Walker returned to the Indy lineup after the All-Star Break, and struggled even more for the next two weeks. �Three hits on July 30th brought his average for July up to .190. �But those three hits got Walker going. �He had 3 more hits in each of his next two games, and went 14-for-30 in a 7-game hitting streak. �Walker continued on fire for the rest of the month, hitting .339 with 4 more home runs and 29 RBI. �That gave him a .264 average for the season, with 31 doubles, 14 homers, and 69 RBI. �He was named the Indians’ Player of the Month for August, and the season’s home run and RBI leader. �Never the tightest on plate discipline, Walker did manage a little higher walk rate in 2009 (26), and a little lower strikeout rate (60). �A switch-hitter, Walker hit about 50 points higher from the left side of the plate, despite being a natural right-hander. �Most of his homers and RBI came from the left.
Walker was promoted to Pittsburgh and made his major league debut on September 1st. �Over the rest of the season, he appeared in 17 games for the Pirates, and went 7-for-36 (.194) at the plate, while faring ok on defense.
Walker played winter ball with Los Bravos de Margarita in the Venezuelan Winter League. �He played in 34 games over about 6 weeks, starting off hot, then cooling down, then again heating up towards the end of his time in Venezuela. �He finished with a �.259 average, 9 doubles, 4 homers, and 16 RBI. �He also worked 17 walks, but struck out 24 times. �In spring training, Walker appeared in 11 games for the Pirates, mostly as a later-inning replacement. �He did well at the plate, going 5-for-15 with a homer and 2 RBI. �While his defense is ok, Walker’s bat is not major-league-ready. �He was optioned to AAA Indianapolis on March 23rd. �The problem for Walker is that Pedro Alvarez is also going to be in Indianapolis, and is going to be the heir-apparent at third base for the Pirates. �The current Pirates’ third baseman, Andy LaRoche, has already had to consider where on the diamond he’s going to have to move when Alvarez is ready. �So, where is Walker going to go? �He played his first game in the outfield a few days before being optioned down, and the Pirates have indicated that they want him to play outfield, second base, and maybe even first base while in Indianapolis. �What about a move back behind the plate? �That doesn’t seem likely at this point, since the Pirates are already well-stocked there too. �And, unless Walker starts hitting and hitting consistently, it isn’t going to matter where on the field he can play, because the Pirates won’t bother looking for a place to put him. �There is also a chance that, if the Pirates find they need to free up a spot on the 40-man roster in the week before the season begins, the 24-year-old Walker might be the unlucky one who gets DFA’ed and put on waivers.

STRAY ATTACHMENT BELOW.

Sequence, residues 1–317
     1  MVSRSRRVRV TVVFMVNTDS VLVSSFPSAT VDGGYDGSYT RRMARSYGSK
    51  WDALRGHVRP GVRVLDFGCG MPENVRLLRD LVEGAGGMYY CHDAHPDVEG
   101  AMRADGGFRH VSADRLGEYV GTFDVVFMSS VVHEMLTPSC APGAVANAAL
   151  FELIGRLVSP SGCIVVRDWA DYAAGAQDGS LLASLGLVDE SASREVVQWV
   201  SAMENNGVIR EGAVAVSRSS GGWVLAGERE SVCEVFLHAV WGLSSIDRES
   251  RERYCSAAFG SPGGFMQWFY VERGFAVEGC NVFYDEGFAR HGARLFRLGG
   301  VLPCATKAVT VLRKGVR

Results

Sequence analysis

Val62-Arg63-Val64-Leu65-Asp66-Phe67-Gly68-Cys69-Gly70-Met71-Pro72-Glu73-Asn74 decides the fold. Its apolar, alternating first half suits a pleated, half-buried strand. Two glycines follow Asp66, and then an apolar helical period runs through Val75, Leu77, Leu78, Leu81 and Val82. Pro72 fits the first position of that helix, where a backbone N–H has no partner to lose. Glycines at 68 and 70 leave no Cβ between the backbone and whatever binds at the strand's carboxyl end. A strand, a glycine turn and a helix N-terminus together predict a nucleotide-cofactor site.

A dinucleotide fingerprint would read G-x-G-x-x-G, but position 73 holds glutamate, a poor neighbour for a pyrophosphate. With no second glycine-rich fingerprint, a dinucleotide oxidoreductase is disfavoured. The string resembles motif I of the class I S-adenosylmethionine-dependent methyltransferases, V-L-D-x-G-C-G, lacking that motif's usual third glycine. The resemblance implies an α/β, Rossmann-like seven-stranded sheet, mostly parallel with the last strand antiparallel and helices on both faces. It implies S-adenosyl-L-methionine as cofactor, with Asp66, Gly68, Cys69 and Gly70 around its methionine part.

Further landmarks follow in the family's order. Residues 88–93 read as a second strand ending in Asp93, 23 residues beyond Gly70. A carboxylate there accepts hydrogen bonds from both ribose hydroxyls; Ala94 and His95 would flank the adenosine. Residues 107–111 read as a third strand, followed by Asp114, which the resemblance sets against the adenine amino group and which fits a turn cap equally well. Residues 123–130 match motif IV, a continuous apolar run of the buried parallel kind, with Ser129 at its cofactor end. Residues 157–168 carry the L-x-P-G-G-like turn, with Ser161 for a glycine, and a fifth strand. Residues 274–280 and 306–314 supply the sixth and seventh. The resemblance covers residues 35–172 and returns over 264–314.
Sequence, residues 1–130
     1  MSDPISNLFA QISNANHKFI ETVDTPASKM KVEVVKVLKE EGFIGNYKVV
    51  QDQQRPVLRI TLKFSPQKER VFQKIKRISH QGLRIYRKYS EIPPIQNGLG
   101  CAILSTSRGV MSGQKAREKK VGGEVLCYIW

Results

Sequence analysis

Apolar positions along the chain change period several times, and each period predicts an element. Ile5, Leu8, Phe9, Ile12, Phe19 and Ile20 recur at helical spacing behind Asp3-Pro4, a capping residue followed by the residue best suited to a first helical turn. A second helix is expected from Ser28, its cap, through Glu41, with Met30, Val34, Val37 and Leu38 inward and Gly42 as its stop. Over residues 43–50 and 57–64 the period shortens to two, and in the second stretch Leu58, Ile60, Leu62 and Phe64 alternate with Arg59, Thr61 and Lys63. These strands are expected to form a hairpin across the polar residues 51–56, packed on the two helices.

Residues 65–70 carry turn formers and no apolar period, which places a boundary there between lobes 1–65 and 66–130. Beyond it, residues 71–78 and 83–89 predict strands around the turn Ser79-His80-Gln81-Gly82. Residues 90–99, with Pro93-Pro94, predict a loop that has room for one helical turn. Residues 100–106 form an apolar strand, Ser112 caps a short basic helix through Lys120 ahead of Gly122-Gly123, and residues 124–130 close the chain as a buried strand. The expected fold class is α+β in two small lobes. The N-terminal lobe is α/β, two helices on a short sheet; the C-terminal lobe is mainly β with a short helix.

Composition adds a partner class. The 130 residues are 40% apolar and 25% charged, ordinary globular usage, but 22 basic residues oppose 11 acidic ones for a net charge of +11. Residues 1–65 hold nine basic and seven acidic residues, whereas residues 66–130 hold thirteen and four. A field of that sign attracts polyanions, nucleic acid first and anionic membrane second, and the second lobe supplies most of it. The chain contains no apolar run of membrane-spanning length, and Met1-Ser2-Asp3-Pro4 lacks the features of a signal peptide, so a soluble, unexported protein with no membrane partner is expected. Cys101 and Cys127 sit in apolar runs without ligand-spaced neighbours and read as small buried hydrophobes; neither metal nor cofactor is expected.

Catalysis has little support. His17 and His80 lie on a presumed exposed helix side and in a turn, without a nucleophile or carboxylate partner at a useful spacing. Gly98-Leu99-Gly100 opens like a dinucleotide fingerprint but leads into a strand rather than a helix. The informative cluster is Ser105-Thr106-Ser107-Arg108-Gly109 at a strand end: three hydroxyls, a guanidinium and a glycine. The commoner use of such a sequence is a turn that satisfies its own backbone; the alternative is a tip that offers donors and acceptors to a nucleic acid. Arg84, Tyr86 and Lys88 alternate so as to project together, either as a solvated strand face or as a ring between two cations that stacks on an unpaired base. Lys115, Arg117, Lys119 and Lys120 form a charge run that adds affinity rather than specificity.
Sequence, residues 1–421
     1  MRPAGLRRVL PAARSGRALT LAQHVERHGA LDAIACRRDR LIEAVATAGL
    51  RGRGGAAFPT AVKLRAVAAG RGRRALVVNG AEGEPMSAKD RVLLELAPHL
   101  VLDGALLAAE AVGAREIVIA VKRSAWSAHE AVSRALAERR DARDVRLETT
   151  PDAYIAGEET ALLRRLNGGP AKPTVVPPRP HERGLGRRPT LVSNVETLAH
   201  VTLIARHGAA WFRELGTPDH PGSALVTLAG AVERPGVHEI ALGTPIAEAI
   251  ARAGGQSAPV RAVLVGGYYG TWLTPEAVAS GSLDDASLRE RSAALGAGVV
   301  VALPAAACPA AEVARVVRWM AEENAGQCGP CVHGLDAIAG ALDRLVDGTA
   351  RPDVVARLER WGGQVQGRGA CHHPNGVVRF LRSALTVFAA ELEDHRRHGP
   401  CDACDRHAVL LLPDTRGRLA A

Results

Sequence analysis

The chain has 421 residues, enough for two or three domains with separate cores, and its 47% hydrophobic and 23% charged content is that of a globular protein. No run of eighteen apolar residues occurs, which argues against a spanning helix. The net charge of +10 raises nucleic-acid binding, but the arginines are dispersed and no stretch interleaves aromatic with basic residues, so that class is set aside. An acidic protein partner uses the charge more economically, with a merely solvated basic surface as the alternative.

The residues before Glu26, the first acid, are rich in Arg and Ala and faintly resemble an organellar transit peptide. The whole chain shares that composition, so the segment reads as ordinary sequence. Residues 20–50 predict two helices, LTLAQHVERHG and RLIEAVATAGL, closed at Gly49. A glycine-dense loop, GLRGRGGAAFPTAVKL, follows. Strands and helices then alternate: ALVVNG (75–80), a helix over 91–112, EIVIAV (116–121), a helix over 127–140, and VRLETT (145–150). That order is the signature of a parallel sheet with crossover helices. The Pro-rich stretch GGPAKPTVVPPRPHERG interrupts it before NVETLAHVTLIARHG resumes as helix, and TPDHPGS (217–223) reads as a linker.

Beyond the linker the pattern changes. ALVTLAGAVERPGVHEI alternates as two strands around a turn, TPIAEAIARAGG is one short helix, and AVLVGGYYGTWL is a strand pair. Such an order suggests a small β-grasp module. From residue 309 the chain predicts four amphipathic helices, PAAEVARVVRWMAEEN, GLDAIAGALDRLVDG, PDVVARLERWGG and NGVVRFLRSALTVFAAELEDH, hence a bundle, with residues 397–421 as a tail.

Brian Myrow came to the Pirates’ organization in June 2009 from the White Sox’ AAA Charlotte affiliate. �The 33-year-old begtan his career in 1999 in Independent League ball, then was signed by the Yankees in 2001. �He spent time in the Yankee’s, Dodgers’, Red Sox’, Padres’, and White Sox’ organizations. �In 2005, he played in 19 major league games with the Dodgers, and he played in 33 games for the Padres over 2007-08. �For the past three seasons at the AAA level, Myrow hit very well and was at the top of the Pacific Coast League in OBP. �In 2007 with Portland, he hit .354 (.440 OBP) in 107 games with 13 homers and 73 RBI. �In 2008, again with Portland, he hit .314 (.451 OBP), with 12 home runs and 59 RBI. �Myrow began the 2009 season in Charlotte and hit .277 in 48 games, with 7 homers and 25 RBI. �After coming over to the Indians, he got back onto his usual AAA track: �he hit .320 in July, and .349 in August/September. �That gave him a .330 average (.448 OBP) for his time in Indy, and a .307 average for the season, as well as an International League-leading .417 OBP. �Myrow signed a minor league free-agent contract with the Pirates for 2010, and reported to major league camp as a non-roster invitee. �He appeared in 5 Grapefruit League games with the Pirates, but went 0-for-5 at the plate. �He was reassigned to minor league camp on May 23rd and is slated to return to the Indians. �He can play both first and third base, though he’s mainly been at first in recent years. �Third base is going to be crowded in Indianapolis. �If Steve Pearce is optioned to Indianapolis, that will cut into Myrow’s time on the field, but Myrow would also be a valuable designated hitter.